He then says that he agrees with the Accusation on one point, that they can’t get into Jonestown, because “we wouldn’t let them.” He said that this is our home, that the government needs to enforce who can control the interior. He continues that the government thinks it controls the interior, but “we decided on that White Night that we control the interior.”
Jones attacks the Concerned Relatives and Joe Mazor, the private detective they hired. He calls Mazor a criminal with a long rap sheet – 75 pages – and said that by law, he shouldn’t have been able to become a private detective. They had taken the issue to Governor Jerry Brown, but he rejected their appeal. Jones then attacks the liberal friends left behind who let the Jonestown community down once Temple members were out of the country.
People complain about their relatives – mostly those associated with Concerned Relatives, including the Oliver boys talking about their parents – and make rude remarks at the expense of Tim Stoen. But Jones knows he has the upper hand, because the people they want are in Jonestown – with them – and to be successful, Concerned Relatives and their hirelings have to get the people. “It’s the same old scenario, same story with John [Victor Stoen]. Got to have the person.”
In the midst of this, a young man talks about his wanting to get to Jonestown for a long time, and his happiness here. Jones expands upon that, and asks people to look around them at the beauty of the place. “You never had one day, you couldn’t set around in Philadelphia or Chicago or Detroit or San Francisco – take a look at those trees out there. And one day – that’s worth a hell of a lot, just to be able to look around there and feel that breeze.” He talks about freezing in northern cities and not being able to breathe in L.A.
He talks about others being happy here – fellowship and movies and card games and food – and considers that the relatives aren’t happy, that capitalism hasn’t been able to give them that. As an aside, he says he can’t be happy, because he’s always too busy worrying about the welfare of the people.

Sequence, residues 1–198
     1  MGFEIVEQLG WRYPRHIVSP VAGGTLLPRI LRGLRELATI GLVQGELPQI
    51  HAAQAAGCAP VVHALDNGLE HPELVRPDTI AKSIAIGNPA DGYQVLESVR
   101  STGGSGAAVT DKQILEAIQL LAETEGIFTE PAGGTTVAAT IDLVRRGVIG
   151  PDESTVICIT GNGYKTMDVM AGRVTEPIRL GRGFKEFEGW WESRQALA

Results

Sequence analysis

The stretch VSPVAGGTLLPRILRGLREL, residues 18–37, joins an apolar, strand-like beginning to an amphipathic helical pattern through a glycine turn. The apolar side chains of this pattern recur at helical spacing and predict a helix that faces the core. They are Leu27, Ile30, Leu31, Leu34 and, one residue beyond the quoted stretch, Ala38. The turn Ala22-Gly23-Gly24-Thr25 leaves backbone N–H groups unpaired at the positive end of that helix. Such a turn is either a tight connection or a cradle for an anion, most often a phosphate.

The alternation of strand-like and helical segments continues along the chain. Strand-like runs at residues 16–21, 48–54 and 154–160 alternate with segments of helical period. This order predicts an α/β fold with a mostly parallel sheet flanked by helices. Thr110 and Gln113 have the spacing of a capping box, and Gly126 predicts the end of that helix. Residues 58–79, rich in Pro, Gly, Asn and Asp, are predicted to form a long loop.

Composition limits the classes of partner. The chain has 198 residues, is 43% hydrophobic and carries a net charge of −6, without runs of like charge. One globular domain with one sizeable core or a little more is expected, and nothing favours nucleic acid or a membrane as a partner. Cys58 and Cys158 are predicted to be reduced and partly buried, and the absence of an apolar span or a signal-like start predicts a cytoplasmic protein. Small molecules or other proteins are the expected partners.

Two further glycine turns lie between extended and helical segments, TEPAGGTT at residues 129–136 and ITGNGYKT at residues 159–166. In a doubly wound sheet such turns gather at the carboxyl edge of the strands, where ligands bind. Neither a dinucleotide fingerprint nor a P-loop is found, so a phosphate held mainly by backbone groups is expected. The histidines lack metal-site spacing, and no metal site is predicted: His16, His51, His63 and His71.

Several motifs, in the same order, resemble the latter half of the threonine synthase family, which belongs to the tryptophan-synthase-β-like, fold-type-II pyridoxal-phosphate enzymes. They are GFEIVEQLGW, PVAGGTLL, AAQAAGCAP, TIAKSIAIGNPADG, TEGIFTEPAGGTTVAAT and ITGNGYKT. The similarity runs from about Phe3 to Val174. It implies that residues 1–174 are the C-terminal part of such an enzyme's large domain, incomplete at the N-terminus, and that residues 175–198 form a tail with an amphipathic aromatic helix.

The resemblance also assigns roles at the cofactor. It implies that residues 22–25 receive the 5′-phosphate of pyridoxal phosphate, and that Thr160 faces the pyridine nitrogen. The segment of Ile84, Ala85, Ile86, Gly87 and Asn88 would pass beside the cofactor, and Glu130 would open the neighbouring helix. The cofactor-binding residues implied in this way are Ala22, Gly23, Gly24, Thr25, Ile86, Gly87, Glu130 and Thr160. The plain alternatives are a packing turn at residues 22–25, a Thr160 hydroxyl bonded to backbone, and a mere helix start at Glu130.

They also talk about the arranged marriages within the Temple, but it was a light conversation. One woman “married” a man because she was the only one who would consent, Jones said; she did it out of principle. Besides, he adds, it was just on paper.
At the end of the tape, Jones takes a break from the meeting while he urinates. Marceline says she knows why God is a man, because it’s easier to piss. Jones disagrees, and says women have the advantage of menstruation. “You can shit on ’em and bleed on ’em [Temple enemies] at the same time, that’s pretty good.”.
Date of transcription : 3/7/79
In connection with the Federal Bureau of Investigation’s (FBI) investigation into the assassination of U.S. Congressman LEO J. RYAN at Port Kaituma, Guyana, South America, on November 18, 1978, a tape recording was obtained. This tape recording was located in Jonestown, Guyana, South America, and was turned over to U.S. Officials in Guyana and subsequently transported to the United States.
On March 6, 1979, Special Agent (name deleted) reviewed the tape number 1B47-30. This tape was found to contain the following:
JIM JONES is talking to his congregation and answering questions they ask him. One woman inquires about a relative of one of the temple members visiting Jonestown and what should be done about this person. JONES told her “if anything goes on we’ll tell them you’re hunting. Anything can happen out here”.
JIM JONES in talking to his congregation and answering questions continually uses the term “white night”.
Differences with FBI Summary: None
Tape originally posted April 1999